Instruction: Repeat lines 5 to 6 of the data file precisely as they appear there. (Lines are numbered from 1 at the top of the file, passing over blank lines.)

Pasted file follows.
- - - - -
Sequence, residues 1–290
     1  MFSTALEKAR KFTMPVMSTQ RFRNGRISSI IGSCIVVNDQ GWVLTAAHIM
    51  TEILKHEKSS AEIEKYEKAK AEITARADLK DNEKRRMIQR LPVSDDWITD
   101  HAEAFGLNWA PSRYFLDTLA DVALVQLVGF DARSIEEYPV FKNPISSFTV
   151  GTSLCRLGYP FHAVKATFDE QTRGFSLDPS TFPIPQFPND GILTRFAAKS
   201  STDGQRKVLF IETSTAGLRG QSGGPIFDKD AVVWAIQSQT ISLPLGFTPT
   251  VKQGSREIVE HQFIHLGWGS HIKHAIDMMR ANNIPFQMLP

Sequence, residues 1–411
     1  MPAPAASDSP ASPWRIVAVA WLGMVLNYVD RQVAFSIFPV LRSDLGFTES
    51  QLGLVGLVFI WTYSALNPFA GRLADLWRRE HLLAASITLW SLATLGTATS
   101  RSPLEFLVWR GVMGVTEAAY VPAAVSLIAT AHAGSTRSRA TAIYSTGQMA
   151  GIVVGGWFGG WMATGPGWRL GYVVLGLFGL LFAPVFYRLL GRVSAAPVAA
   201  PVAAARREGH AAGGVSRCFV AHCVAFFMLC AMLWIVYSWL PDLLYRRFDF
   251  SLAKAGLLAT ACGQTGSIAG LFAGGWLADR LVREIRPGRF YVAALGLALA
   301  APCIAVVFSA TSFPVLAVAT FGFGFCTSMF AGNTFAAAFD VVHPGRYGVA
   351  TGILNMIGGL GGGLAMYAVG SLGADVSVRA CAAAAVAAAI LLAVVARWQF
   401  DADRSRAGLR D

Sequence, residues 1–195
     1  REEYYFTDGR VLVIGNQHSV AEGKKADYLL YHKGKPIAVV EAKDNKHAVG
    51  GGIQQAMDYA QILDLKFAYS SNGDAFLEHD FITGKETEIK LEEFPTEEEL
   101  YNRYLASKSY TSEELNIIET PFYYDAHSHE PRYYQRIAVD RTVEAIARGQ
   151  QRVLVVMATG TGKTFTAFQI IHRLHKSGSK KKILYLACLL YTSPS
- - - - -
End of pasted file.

   151  GTSLCRLGYP FHAVKATFDE QTRGFSLDPS TFPIPQFPND GILTRFAAKS
   201  STDGQRKVLF IETSTAGLRG QSGGPIFDKD AVVWAIQSQT ISLPLGFTPT